G.I Joe: A Real American Hero #191 is one of those issues that manages to make the larger set pieces work. Its action heavy, yet fluid. That said, it’s still A Real American Hero, so there’s a certain amount of corny, cheesy one-liners.. and ninjas. Always ninjas.
The official description from IDW:
G.I. JOE goes to the jungle! LADY JAYE’s team is led into the jungles of southeast Asia for a mission that will pit G.I. JOE against an enemy they thought long gone: MAJOR BLUDD! Will fortune smile on LADY JAYE and her team or will the ruthless mercenary gain the upper hand? It’s kill or be killed in G.I. Joe: A Real American Hero #191!
This issue is very action-orientated and get’s straight to the point. Whilst it is explosive, it’s also fairly well thought out. The action is fluid, although it does overbear on character development and anything else. Major Bludd, for instance, does very little in this. His presence is shown but he doesn’t actively enter the fight much – his role is mainly to provide angry dialogue.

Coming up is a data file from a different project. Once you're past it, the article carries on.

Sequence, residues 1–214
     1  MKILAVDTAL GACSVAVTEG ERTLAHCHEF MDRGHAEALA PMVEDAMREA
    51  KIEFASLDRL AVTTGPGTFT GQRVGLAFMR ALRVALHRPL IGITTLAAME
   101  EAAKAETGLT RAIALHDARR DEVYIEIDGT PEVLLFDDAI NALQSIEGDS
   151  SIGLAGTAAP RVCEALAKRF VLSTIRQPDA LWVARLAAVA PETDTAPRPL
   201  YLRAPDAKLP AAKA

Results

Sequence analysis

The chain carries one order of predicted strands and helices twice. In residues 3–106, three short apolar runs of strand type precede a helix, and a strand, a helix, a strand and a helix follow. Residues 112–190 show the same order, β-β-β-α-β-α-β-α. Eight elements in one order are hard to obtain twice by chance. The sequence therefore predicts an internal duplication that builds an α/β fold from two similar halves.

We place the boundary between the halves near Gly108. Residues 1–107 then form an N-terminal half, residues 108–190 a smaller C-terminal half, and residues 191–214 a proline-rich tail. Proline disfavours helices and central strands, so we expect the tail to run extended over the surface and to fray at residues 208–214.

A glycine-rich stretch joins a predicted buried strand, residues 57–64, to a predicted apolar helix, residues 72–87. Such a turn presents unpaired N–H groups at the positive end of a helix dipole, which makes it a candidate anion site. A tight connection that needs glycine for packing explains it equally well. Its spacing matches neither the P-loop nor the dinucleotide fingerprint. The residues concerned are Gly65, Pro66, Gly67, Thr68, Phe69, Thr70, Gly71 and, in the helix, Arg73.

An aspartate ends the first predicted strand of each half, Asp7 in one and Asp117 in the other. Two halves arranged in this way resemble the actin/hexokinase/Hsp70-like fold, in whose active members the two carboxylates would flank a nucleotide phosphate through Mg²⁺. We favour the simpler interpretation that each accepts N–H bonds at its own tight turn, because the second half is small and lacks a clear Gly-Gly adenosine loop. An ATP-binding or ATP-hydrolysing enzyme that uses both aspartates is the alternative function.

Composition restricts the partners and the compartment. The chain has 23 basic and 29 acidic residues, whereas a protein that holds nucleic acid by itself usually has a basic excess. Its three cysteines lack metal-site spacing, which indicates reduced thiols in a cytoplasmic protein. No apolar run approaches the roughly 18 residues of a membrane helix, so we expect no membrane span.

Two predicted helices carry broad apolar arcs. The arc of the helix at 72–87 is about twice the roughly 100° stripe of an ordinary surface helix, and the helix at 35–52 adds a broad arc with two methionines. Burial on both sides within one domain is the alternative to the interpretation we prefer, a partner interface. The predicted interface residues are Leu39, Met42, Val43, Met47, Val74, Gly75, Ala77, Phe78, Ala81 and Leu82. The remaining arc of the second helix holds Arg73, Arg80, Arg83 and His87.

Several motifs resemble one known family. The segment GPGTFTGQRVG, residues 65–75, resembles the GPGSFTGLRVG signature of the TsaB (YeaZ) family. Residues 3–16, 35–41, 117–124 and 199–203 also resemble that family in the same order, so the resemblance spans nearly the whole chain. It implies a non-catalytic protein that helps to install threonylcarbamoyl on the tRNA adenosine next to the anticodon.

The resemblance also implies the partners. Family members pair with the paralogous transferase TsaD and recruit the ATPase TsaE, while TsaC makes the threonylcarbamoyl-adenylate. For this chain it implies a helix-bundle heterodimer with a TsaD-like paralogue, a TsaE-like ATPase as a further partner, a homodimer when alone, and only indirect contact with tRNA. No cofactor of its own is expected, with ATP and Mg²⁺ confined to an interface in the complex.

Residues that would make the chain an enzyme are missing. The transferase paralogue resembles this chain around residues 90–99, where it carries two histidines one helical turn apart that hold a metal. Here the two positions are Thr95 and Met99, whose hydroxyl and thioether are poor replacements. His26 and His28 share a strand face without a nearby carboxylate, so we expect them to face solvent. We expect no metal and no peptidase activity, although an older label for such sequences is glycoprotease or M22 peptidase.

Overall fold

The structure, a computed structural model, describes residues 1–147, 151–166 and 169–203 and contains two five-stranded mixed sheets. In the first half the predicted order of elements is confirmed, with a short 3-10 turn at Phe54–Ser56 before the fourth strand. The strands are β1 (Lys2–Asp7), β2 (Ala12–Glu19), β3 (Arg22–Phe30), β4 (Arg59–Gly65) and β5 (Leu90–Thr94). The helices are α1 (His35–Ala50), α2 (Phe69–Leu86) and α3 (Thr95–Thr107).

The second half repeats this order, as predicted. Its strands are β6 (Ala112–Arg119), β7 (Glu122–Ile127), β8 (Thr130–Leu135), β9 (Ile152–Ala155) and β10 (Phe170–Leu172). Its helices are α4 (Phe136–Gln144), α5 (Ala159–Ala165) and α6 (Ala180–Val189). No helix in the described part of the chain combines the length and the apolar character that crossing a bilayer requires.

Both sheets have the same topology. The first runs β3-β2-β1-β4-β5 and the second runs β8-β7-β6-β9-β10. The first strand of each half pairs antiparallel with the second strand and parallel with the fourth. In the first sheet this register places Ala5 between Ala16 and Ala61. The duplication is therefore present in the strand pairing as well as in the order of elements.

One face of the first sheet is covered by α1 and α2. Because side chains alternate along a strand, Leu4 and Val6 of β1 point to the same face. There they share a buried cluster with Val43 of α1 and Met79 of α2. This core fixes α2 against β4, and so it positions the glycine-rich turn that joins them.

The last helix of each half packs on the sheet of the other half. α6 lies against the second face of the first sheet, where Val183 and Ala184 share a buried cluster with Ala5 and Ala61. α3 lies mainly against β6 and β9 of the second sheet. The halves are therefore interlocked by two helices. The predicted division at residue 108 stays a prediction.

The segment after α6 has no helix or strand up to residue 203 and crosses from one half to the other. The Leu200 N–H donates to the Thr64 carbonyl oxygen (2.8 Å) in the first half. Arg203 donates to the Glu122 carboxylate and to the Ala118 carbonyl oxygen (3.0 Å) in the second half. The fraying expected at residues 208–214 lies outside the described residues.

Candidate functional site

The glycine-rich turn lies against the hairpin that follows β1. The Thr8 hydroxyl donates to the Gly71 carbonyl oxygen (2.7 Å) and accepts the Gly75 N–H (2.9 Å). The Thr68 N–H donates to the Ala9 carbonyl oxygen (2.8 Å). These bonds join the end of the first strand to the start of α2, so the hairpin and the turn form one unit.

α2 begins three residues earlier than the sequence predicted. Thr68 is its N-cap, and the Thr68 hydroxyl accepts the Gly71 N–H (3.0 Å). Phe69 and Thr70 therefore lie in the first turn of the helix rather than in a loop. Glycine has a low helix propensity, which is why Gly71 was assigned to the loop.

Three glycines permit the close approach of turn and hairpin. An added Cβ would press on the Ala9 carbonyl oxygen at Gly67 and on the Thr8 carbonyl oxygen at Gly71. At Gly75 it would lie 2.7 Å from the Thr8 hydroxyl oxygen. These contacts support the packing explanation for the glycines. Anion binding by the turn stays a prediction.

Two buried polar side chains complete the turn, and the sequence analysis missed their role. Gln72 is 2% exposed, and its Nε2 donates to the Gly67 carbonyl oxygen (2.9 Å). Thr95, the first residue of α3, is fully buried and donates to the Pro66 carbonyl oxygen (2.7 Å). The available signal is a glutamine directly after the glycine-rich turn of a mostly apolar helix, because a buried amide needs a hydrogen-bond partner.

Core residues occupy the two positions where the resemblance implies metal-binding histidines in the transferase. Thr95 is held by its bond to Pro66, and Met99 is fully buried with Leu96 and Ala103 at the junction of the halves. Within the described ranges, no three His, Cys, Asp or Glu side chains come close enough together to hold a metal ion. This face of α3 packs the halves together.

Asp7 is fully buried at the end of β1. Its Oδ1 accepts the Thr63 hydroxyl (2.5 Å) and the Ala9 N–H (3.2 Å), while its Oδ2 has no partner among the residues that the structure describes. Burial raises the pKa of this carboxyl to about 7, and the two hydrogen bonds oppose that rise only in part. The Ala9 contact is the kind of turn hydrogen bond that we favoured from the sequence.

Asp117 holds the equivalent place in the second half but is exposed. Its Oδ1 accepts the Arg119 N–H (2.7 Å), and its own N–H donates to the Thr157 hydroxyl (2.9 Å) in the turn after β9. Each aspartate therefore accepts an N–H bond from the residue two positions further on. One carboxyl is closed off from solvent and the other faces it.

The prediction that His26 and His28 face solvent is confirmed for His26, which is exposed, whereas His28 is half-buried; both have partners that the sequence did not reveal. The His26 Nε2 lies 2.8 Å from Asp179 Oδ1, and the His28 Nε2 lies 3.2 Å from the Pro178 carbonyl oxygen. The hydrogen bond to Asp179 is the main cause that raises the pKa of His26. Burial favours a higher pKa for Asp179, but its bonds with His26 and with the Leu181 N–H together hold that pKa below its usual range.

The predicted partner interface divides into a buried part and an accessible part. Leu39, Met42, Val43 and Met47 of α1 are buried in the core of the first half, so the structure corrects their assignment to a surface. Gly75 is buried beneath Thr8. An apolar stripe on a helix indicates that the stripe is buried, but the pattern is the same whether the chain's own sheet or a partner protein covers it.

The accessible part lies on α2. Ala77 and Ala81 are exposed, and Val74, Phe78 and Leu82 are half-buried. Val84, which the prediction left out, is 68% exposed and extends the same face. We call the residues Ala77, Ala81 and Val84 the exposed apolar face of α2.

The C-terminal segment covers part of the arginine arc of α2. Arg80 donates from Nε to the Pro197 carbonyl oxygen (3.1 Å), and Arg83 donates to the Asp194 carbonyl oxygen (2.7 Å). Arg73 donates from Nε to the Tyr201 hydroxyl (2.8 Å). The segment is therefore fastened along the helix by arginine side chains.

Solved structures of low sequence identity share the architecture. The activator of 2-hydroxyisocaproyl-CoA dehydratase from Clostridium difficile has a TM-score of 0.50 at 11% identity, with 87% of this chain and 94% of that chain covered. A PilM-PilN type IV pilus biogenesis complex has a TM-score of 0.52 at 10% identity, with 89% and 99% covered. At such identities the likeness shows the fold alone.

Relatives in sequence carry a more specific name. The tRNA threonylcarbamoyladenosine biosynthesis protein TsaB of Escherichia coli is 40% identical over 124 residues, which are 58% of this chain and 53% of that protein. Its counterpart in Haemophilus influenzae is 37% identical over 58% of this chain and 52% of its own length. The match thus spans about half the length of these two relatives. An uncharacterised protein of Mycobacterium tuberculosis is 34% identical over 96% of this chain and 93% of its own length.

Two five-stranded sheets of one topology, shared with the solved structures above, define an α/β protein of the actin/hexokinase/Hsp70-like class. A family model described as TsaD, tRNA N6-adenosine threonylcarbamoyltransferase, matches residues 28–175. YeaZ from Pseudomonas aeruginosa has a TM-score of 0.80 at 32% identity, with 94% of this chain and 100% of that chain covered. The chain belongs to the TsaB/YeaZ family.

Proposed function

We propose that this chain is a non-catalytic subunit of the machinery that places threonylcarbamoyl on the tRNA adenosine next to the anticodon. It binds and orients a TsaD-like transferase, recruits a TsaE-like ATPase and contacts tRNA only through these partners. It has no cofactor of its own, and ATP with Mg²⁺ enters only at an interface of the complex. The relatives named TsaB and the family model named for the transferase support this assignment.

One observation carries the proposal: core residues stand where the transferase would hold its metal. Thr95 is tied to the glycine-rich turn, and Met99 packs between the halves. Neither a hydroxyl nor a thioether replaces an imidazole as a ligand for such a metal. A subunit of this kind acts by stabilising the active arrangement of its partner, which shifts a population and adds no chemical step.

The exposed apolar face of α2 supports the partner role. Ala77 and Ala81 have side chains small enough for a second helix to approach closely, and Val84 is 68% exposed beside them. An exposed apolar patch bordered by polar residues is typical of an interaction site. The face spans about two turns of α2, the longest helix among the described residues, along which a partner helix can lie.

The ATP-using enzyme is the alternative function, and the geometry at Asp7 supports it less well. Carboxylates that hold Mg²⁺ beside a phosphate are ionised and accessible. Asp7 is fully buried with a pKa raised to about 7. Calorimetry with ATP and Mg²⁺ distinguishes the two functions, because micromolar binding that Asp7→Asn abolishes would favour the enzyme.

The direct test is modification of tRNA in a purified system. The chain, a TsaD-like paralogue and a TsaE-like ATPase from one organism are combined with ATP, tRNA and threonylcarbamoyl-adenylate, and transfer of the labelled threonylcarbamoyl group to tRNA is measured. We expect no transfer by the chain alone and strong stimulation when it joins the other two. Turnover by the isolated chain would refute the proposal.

That said, the writing is still good. There are some typical one liners that kind of fits A Real American Hero, and Larry Hama doesn’t take everything too seriously through the dialogue. The action can speak for itself, so I guess it’s all about having fun whilst reading. That said, the ending of this issue has a lot to offer, rather than a typical ‘we saved the day’ fanfare.
As for the art, S L Gallant offers, once again, plenty of definition and detail. His attention on detail makes sure the issue is easy to follow. Everyone is recognizable and the detail work in location further makes it clear where you are on each panel. This is further helped by the vibrant colors of J. Brown and Joana Lafuente, whom help bring the exotic location to life. The variety of color stops this issue from being dull neutral browns with occasional gunfire.
All in all, I’d say this is one of the more satisfying issues for A Real American Hero. I’m disappointed Bludd didn’t do much ( I feel he’s being held back from a writing stand point) but maybe that’s just the art of good storytelling and timing.